The president later Thursday that he’d “probably” signal the executive orders Friday or maybe Saturday morning.
“They’re being drawn today,” Trump said, linking the danger of executive actions to the continuing talks in Congress over coronavirus relief. “We’ll see what happens. It’s possible we’ll make a bargain, but it’s also possible we won’t.”
It’s not clear exactly what the president’s executive actions on pupil loans would entail. Trump at March unilaterally suspended attention on federally held pupil loans. The CARES Act, H.R. 748 (116), subsequently codified that coverage to law in March and took it a step farther, automatically suspending monthly obligations.
Trump’s danger of executive actions comes as negotiations remain stalled on Capitol Hill over a second financial rescue package to tackle the fallout in the coronavirus pandemic.
Congressional Democrats have suggested expanding pupil loan aid to pay more borrowers and expanding the protections for another year. Those advantages are scheduled to expire on Sept. 30.
Senate Republicans’ stimulus program, S. 4320 (116), published last month would permit the CARES Act pupil loan relief to perish, rather suggesting an overhaul of this government’s present income-based repayment choices.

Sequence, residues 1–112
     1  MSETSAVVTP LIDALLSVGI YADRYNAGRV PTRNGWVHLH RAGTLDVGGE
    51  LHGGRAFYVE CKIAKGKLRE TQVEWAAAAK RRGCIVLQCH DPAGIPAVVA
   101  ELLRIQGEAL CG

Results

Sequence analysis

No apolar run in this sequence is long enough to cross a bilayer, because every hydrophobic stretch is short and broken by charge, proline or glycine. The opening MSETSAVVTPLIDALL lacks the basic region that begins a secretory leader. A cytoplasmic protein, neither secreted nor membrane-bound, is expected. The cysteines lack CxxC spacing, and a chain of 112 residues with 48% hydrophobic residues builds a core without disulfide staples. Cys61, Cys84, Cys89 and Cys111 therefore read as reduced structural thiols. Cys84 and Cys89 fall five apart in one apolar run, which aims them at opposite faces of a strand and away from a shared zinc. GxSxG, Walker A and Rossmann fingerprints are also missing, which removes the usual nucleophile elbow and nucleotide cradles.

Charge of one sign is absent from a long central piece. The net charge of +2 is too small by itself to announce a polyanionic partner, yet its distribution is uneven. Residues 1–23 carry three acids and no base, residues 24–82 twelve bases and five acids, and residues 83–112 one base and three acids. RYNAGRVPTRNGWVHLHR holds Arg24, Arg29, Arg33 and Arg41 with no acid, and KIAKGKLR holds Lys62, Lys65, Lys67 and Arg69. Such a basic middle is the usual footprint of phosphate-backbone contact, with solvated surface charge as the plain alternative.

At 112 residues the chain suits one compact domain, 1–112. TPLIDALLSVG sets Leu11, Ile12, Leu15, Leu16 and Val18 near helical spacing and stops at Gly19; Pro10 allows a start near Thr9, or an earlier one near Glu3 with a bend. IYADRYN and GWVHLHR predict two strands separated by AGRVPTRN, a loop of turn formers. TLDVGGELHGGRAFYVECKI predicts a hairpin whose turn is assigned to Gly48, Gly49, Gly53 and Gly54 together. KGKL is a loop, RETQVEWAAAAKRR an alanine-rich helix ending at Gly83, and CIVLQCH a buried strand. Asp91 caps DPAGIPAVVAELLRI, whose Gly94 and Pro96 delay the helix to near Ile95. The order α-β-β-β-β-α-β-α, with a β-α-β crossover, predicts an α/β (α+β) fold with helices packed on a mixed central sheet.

However there were growing calls from Republicans lately to expand the pupil loan relief given under the Cares Act this spring.
Three Republican attorneys general on Wednesday signed onto a letter urging congressional leaders to expand the aid to borrowers and also consider further extending the benefits beyond September.
Sen. John Cornyn (R-Texas) additionally endorsed an expansion of this CARES Act pupil loan relief before this week, stating on the Senate floor that the rewards were popular with his constituents.
“With so much economic uncertainty, we can’t allow that provision to expire,” Cornyn said on Monday. “Student loan debt is a real and growing problem in our country, and families should never be in the situation where they’re sacrificing their basic needs just to make those student loan payments, especially during the time of a global emergency.”